By CMS Collaboration

The main goal of the LHC physics programme is to deeply understand the fundamental principles of particles and their interactions. As part of this quest, physicists are searching for evidence of new particles, which would potentially confirm the existence of physics beyond the Standard Model (SM). It is hard to guess the exact form that any beyond-the-SM physics will take, but many theories postulate the need for additional partner particles to the Higgs boson of the SM. These partners would behave similarly to the SM Higgs boson, for example in terms of their “spin”, but would have a different mass.

Figure 1: Diagram showing two gluons (from the proton collisions) interacting to produce a hypothetical heavy partner particle (X) of the Higgs boson, that decays to two light Higgs-like particles (φ), which further decay to two photons. Sophisticated AI methods are used to identify and reconstruct the events where highly-energetic photons overlap with each other in the detector.

A common signature of such new particles is shown in Figure 1, where X is a heavy partner and φ is a lighter one, both coupling (i.e., interacting with other particles) similarly to the Higgs boson. Specifically, φ is shown here to decay to two photons, a decay channel similar to one of those used in the Higgs boson discovery. An advantage to specifically exploring decays with photons in the final state is that photons provide a “clean” signature: they only interact with the electromagnetic calorimeter, producing well-understood electromagnetic showers and with an excellent measurement resolution. This makes final states with photons an ideal way to search for new particles of unknown mass.

The kinematic region corresponding to the case where the X mass is very large and the φ mass is small has not yet been explored in detail and is thus generally considered as an interesting region to focus the search. Moreover, when the φ is very light, the two photons (the φ decay products) will significantly overlap with each other and the tools usually applied for the photon identification fall apart. Although this makes the resulting signature really hard to describe analytically, it is a perfect problem to be solved by an artificial intelligence (AI) method! In fact, such AI methodologies have been used to look for “exotic” decays of the Higgs boson, and are quickly becoming useful and powerful tools in particle physics. It is well known that machine learning computer vision techniques can differentiate between many faces. We apply similar tools to train two AI algorithms, to distinguish the overlapping pairs of photons from noise, as well as to precisely determine the mass of the particle from which they originated, as illustrated in Figure 2.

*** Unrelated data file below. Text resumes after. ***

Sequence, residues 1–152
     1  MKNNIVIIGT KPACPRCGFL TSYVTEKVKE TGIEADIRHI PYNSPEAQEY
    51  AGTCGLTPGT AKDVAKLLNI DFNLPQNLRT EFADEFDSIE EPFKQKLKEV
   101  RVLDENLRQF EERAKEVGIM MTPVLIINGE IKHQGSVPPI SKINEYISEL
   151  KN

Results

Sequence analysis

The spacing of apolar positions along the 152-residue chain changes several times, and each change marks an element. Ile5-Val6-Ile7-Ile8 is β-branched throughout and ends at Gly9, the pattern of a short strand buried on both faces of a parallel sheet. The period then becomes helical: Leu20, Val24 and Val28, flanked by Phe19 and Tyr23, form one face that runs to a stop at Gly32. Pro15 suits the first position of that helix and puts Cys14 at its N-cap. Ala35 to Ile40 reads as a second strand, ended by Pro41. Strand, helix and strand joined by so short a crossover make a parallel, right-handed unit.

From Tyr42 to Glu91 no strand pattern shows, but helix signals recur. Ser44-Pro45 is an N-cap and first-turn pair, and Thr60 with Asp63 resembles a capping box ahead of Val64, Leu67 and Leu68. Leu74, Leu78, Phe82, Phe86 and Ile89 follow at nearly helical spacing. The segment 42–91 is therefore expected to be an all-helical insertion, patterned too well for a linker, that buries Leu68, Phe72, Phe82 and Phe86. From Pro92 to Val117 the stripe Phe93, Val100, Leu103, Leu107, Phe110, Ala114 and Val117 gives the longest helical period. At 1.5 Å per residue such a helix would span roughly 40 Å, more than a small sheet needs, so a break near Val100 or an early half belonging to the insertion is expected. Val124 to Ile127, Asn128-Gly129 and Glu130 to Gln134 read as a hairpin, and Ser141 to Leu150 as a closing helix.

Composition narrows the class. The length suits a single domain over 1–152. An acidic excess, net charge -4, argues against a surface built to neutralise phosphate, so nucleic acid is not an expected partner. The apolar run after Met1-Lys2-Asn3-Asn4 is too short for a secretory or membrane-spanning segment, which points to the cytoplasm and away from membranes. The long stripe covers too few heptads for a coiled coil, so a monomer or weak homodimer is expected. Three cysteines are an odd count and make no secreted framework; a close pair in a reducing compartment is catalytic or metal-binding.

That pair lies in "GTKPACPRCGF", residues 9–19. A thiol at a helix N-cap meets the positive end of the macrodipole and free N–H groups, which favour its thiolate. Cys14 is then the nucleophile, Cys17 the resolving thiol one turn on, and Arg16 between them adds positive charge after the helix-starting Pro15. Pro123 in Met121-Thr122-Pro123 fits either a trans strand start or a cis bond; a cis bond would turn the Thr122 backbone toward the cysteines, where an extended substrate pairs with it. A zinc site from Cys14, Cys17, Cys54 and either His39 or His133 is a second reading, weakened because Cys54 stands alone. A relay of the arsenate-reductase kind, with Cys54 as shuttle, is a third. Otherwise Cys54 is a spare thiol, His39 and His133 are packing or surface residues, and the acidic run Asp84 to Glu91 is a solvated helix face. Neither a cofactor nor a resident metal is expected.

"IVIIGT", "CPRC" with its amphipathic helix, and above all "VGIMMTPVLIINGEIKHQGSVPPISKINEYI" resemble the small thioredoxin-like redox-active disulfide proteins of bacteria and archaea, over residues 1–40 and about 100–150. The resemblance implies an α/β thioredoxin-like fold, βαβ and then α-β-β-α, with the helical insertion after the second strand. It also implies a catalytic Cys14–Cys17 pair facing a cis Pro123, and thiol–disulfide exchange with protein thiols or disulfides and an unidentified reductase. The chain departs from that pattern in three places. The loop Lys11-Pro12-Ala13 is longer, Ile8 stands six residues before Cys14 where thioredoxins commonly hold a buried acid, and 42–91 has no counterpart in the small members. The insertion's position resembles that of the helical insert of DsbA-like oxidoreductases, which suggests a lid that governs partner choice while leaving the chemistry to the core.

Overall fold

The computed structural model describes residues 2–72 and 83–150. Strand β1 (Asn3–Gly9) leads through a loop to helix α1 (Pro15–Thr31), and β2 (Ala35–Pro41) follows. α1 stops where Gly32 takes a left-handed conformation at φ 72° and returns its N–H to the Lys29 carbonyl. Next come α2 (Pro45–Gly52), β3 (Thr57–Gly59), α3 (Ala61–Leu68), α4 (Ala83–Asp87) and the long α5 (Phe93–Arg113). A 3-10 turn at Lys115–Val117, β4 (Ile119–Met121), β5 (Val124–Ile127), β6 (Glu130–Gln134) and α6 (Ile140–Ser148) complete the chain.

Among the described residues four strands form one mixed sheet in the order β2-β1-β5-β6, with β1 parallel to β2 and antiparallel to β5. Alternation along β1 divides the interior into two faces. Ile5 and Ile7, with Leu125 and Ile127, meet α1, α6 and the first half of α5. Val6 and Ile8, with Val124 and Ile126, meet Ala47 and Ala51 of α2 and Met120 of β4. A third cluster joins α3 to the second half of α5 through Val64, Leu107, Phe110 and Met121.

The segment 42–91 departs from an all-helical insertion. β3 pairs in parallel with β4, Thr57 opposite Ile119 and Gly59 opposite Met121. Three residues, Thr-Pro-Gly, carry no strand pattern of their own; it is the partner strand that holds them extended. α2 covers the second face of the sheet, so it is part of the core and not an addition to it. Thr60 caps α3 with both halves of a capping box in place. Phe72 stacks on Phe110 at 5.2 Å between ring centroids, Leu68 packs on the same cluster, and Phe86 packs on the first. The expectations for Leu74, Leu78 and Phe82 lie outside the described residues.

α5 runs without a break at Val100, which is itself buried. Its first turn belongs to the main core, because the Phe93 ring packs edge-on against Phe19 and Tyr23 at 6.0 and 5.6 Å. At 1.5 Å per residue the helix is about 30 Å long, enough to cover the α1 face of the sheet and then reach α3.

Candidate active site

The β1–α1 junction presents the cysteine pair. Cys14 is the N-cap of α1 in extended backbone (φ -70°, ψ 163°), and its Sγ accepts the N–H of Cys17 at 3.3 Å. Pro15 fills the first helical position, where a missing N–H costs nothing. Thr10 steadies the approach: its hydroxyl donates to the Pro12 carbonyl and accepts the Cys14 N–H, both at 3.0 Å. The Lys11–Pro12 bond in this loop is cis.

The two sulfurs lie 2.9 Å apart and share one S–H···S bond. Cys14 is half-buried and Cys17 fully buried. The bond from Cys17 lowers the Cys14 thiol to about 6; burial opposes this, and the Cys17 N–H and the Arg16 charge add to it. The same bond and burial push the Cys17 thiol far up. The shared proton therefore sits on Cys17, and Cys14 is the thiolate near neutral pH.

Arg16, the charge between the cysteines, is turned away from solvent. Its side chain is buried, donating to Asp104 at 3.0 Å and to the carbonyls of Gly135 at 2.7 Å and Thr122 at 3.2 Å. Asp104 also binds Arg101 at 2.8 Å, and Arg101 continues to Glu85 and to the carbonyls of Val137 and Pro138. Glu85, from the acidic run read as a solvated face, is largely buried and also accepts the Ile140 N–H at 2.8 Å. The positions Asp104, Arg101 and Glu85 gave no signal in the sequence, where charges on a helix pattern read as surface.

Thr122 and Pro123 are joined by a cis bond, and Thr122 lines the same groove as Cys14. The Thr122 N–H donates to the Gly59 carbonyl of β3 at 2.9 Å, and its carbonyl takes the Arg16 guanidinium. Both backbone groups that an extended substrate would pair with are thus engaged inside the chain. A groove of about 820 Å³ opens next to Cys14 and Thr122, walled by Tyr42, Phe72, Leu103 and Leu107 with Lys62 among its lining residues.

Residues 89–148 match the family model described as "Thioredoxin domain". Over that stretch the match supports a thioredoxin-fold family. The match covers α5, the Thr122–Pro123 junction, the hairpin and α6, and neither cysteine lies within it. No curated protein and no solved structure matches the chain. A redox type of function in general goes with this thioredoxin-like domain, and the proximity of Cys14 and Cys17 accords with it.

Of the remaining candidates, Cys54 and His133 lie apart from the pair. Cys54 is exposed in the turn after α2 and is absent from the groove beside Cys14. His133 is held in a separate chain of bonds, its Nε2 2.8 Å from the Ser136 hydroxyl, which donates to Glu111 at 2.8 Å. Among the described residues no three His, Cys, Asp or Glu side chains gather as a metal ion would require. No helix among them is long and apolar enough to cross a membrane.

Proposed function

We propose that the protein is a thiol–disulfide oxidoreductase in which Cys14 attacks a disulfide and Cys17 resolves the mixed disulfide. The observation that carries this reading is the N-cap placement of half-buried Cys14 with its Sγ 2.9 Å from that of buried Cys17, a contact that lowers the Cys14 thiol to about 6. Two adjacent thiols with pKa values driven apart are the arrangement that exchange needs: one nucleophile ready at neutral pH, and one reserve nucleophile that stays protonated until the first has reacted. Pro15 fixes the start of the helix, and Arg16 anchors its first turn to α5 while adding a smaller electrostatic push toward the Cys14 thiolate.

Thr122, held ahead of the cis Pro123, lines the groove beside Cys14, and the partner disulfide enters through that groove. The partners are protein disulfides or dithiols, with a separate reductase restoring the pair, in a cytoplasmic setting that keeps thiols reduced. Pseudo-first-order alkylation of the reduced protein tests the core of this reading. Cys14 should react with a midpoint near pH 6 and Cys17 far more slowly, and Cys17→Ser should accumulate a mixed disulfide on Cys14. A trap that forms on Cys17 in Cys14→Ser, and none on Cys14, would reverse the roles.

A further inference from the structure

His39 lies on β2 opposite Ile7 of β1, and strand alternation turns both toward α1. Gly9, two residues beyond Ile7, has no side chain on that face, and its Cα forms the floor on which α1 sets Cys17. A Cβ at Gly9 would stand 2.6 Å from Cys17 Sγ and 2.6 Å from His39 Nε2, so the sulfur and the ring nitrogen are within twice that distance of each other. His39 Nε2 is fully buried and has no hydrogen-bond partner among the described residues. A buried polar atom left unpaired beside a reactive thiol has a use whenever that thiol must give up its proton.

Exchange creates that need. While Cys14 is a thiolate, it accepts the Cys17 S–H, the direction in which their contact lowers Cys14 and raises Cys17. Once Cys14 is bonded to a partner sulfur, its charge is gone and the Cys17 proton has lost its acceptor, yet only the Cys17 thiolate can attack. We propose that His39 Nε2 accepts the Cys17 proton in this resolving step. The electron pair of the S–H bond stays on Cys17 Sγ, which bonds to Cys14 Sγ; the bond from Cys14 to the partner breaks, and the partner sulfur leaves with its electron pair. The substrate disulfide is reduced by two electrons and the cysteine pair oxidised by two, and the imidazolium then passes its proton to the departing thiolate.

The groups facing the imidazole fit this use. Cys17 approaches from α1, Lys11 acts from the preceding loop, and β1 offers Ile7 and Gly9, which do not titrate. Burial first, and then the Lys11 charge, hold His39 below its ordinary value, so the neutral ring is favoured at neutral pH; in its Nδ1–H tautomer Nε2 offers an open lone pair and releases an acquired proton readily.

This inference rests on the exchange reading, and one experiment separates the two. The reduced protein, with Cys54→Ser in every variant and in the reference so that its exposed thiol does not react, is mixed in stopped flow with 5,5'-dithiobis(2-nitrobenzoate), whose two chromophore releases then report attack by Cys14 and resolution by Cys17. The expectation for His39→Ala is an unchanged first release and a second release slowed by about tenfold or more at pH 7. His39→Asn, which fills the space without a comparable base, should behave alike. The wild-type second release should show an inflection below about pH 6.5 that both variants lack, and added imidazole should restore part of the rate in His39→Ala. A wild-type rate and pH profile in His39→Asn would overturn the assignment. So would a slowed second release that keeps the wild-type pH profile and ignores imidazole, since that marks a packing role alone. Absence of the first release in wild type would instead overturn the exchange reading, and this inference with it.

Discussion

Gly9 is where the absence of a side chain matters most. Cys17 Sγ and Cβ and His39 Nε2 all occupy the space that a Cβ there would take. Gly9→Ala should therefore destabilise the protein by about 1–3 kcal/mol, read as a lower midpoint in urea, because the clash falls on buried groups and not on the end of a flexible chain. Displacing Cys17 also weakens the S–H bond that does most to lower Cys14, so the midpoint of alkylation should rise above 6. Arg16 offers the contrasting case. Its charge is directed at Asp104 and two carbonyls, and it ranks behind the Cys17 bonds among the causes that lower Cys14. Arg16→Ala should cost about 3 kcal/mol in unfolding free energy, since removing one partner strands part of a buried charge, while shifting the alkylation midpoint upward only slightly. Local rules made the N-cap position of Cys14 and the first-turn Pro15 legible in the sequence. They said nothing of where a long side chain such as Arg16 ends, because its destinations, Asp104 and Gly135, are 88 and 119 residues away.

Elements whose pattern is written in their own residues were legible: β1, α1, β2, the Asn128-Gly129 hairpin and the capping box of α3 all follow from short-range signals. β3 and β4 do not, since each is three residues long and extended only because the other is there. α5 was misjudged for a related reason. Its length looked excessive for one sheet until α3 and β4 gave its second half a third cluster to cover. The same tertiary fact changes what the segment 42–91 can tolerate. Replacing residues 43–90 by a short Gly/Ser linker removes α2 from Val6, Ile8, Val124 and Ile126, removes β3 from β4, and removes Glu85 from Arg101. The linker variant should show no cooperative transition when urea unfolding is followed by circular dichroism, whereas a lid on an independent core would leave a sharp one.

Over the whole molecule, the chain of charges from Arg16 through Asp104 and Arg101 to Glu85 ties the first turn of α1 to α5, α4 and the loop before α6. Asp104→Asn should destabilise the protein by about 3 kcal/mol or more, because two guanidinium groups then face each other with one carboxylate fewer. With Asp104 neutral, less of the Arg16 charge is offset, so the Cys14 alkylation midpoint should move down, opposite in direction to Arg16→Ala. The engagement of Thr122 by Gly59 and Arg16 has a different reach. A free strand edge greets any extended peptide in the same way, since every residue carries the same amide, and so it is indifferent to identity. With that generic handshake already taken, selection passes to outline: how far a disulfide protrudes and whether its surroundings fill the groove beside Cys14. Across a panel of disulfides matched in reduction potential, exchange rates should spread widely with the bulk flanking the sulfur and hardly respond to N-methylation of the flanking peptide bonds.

Figure 2: A CMS event with collimated pairs of photons. Machine learning computer vision techniques are used to distinguish overlapping diphotons from noise, as well as to measure the mass of the parent particle. The large image on the left shows a “standard” CMS event display, where the large deposits of energy in the electromagnetic calorimeter are shown as red towers. The images on the right show the output clusters of the computer vision algorithm corresponding to two merged diphotons in a single image; each pixel in the images represents one crystal of the electromagnetic calorimeter.

The next question is how do we know that the AIs are working? In the case of faces, we can simply look at them to check; things are not so easy when it comes to a particle physics analysis. Thankfully, the SM has well-understood processes, which we can use to validate and control the AI techniques. For example, the η meson, which also decays to two photons, provides an ideal test bench. As shown in Figure 3, we are able to cleanly identify and reconstruct the η meson when we apply these AI techniques to search for η→γγ decays in the CMS events where the two photons overlap (the η meson had not been previously observed in such events)! This gives us great confidence that computer vision techniques can, indeed, be applied to search for (and potentially discover) new particles.

money plot

Figure 3:Sophisticated computer vision AI techniques are used to identify and reconstruct the η meson, when it decays to two photons that are energetic enough such that they overlap in the detector. The mass of the resulting object agrees perfectly with the known η mass, showing that such machine learning methods can be confidently applied to search for new particles of unknown mass.

The search for the X and φ partners of the Higgs boson has been performed using the hypothetical process X→φφ, with both φ decaying to collimated photon pairs, using computer vision techniques; a wide range of masses has been explored. No evidence for such new particles has been seen in this analysis and, hence, we set upper limits on the production rate of this process, as a function of the X and φ masses. The result, shown in Figure 4, is more sensitive than all previous searches for such particles.

Figure 4: Observed upper limits, at 95% confidence level, of the X→φφ→(γγ)(γγ) production rate, as a function of the X and φ masses. The lines indicate the region in the 2-dimensional mass space that is excluded by the search, for two different theoretical assumptions.

This analysis clearly shows that AI algorithms can be used to cleanly identify merged two-photon signatures from the noise and to search for new massive particles. These machine learning techniques are continuously improving and will surely continue to be used in unique analyses of LHC data, extending our searches to even more challenging cases. As the LHC collects more data in Run 3, one thing is clear: the future of such computer vision techniques applied to collimated diphotons is bright!


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